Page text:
We found nearly 800 criminal cases — ranging from manslaughter to drug trafficking and even murder — have been stayed because a judge found the defendant’s constitutional right to a timely trial had been violated.

READ MORE: Almost half of Edmonton criminal cases ultimately withdrawn

Global Edmonton followed the story with a look at charges being tossed in Alberta over a lack of prosecutors. Data obtained by Global News from Alberta Justice shows that all charges in 47 per cent of cases were withdrawn in the last fiscal year, and that number has been steadily rising since the 2015-2016 fiscal year

Immigration Refugee Board conduct

In 2019, Global reporters continued their in-depth coverage of Canada’s immigration system, exposing the ways in which Canada’s refugee determination system is failing some of the most vulnerable claimants.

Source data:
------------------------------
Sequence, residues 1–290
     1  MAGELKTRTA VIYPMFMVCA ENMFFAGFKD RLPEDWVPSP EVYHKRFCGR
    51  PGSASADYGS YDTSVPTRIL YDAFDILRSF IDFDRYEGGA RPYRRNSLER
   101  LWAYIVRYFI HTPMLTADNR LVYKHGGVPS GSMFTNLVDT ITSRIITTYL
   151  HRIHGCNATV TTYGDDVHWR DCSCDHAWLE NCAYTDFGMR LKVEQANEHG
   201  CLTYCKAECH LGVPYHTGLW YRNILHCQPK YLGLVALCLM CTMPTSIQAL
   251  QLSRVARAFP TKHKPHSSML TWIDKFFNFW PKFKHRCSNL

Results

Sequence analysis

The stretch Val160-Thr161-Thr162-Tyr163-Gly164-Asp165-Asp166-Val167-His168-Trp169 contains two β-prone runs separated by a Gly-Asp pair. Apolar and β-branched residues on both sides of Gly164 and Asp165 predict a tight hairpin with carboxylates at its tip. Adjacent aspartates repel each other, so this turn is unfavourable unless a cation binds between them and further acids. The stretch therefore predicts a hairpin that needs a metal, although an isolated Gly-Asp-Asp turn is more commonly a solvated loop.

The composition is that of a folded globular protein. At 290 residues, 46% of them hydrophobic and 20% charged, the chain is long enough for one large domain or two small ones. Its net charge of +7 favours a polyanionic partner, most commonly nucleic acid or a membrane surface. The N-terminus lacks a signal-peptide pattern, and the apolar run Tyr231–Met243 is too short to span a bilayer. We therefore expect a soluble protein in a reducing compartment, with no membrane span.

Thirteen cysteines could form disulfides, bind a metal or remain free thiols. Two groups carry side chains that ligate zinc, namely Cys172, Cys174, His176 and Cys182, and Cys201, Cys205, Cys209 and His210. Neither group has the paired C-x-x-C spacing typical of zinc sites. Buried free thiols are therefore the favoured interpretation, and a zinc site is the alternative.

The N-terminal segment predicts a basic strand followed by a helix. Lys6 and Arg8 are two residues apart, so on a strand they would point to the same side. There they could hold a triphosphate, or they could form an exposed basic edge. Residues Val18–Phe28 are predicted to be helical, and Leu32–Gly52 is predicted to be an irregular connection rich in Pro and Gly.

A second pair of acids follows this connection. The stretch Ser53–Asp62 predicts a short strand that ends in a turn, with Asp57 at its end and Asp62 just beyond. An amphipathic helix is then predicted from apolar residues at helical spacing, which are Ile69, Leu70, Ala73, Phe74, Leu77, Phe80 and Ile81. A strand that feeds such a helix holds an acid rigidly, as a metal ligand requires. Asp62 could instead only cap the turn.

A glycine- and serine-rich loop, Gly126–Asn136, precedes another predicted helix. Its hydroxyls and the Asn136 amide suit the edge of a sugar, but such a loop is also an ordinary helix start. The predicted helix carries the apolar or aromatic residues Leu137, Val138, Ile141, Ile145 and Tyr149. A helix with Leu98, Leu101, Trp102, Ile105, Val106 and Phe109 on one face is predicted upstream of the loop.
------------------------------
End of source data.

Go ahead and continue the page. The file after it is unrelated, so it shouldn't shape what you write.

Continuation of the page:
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READ MORE: Refugee judge asks woman why her husband wouldn’t ‘just kill’ her

This included claims that refugee judges at the Immigration and Refugee Board (IRB) do not always adhere to the guidelines in cases involving allegations of sexual assault and domestic abuse.

Reporting also revealed problems with the board’s process for hiring new judges, including the re-appointment of a former adjudicator who publicly declared that nearly all refugee claimants are liars.

For the good of the force

In January, Global began publishing an ongoing series of stories exploring the RCMP’s “culture of dysfunction” and the way in which the famous force’s indelible image has shielded it from scandal.

READ MORE: Meet the Mounties who allege the RCMP used their disabilities to force them out

The initial four-part series combed through decades worth of public documents to estimate the cost of the force’s failure to reform at $220 million and counting, revisited the case of the first female Mountie to win a sexual harassment lawsuit against the force, and probed the probable impacts of the City of Surrey’s decision to ditch the Mounties.

Those stories paved the way for additional deep dives exploring racism in the ranks, the force’s alleged campaign to get rid of Mounties with disabilities and its second $100 million sexual harassment settlement.

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Broken series